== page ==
Data Obfuscation: The Linchpin of Enterprise Data Security 

Recent reports confirm, data breaches are surging in frequency.  According to Imperva, the volume of compromised records globally has increased on average by 224% each year since 2017. Furthermore, additional research by IBM has found that, on average, it takes 280 days to identify a data breach. 

In an effort to better protect sensitive data from exposure and deter cyber criminals, security organizations are increasingly leveraging data obfuscation to “hide data in plain sight.”

What is Data Obfuscation?

Data obfuscation, also known as data anonymization or pseudonymization, is a data security technique whereby data is purposely scrambled, hidden or modified so that it is useless to malicious actors. 

Though recent data privacy regulations do not require the use of data obfuscation, many do promote it as an acceptable data protection strategy. For example, GDPR Article 6 (4-e) calls for ”the existence of appropriate safeguards, which may include encryption or pseudonymization.”

The most commonly used subtypes of data obfuscation are data masking, data encryption and data tokenization. 

Data Masking 

Data masking refers to the use of algorithms to replace sensitive information with functional fictitious data – data that looks real but is useless. The goal is to obscure the data in a way that retains the identity of the original data to preserve its analytical value so, for example, it could still be used for software testing and general business analysis.

Broadly speaking, there are two types of data masking:

  • Static data masking (SDM): data is masked in the original database then duplicated into a test environment so that businesses can share the test data environment with third-party vendors.
  • Dynamic data masking (DDM): The original sensitive data remains in the repository and is accessible to an application when authorized by the system. Data is never exposed to unauthorized users, contents are shuffled in real-time on-demand to make the contents masked. A reverse proxy is often used for access control.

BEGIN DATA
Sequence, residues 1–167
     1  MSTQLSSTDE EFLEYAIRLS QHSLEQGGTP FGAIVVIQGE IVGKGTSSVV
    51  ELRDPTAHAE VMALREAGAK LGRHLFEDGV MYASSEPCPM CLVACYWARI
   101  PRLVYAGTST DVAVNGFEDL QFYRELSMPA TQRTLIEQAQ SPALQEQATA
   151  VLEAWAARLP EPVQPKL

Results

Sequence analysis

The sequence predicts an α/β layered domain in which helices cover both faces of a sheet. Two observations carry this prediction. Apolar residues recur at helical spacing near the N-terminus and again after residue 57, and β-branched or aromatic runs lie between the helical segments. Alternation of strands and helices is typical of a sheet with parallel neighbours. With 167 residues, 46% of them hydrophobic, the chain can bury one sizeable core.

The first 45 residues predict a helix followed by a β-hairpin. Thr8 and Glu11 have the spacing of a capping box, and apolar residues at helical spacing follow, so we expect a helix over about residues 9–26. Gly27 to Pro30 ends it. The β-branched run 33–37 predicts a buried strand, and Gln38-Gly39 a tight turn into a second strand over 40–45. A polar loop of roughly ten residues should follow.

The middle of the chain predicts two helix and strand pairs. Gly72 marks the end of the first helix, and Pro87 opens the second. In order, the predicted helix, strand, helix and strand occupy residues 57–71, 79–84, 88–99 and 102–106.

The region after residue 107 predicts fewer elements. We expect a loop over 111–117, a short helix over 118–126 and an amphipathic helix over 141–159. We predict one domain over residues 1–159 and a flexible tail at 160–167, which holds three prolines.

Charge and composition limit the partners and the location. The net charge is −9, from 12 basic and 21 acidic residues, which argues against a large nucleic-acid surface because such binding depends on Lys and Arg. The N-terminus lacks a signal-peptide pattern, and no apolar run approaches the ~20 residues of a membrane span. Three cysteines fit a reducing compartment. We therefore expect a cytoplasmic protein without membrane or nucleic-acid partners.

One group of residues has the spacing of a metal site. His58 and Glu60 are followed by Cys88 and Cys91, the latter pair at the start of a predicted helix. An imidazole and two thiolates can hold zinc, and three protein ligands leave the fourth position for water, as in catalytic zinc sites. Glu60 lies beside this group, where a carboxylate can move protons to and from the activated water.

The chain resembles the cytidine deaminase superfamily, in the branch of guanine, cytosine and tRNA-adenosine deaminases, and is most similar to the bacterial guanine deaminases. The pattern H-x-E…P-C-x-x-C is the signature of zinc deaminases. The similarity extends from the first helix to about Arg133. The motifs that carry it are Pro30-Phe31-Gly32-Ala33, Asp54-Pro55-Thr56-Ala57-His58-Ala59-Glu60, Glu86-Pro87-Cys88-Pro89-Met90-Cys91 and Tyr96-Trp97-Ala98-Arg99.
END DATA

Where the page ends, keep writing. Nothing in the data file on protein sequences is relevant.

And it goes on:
Data Encryption 

Data encryption converts readable, plaintext data into an unreadable, encoded format known as ciphertext. Authorized users can unscramble encrypted data using a key. However, this key must also be protected and obfuscated. 

Broadly speaking, there are two types of of data encryption:

  • Symmetric Encryption (a.k.a. Private Key) : the same key algorithm is used to both encrypt and decrypt data. Though more efficient, the sender must exchange the encryption key with the receiver before decrypting. It also requires users to distribute and securely manage a large number of keys.
  • Asymmetric Encryption (a.k.a. Public Key Cryptography): produces two mathematically related keys, a public key and a private key – both are required to unlock the message.

Data Tokenization 

Tokenization replaces sensitive information with randomly generated alphanumeric values called tokens. The original, confidential data is then securely stored a well-protected server dubbed the “token vault.” Only someone with access to the token vault can make the connection between the token and the original data it represents.

The advantage of tokens is that there is no mathematical relationship to the real data they represent and cannot be reversed into its true value. If breached, the data is truly meaningless. 

Data Obfuscation Vendors to Know

Oracle Data Masking and Subsetting

Oracle Data Masking and Subsetting enables entire copies or subsets of application data to be extracted from the database, obfuscated, and shared with partners inside and outside of the business. The integrity of the database is preserved assuring the continuity of the applications.

Delphix Data Masking

Delphix profiling identifies sensitive information, such as names, email addresses, and credit card numbers across a range of data sources including relational databases and files. Delphix provides over 50 out-of-the box profile sets covering 30 types of sensitive data, as well as the ability to define custom profiling expressions.

IBM InfoSphere Optim Data Privacy

Provides extensive capabilities to effectively mask sensitive data across non-production environments, such as development, testing, QA or training. Prepackaged data masking routines enable the user to transform complex data elements such as credit card numbers, email addresses, and national identifiers, while retaining their contextual meaning.


De-identifies data and controls unauthorized access to production environments, such as customer service, billing, order management, and customer engagement. Dynamic Data Masking masks or blocks sensitive information to users based on their role, location, and privileges, can alert on unauthorized access attempts, and provides logs for compliance and audit

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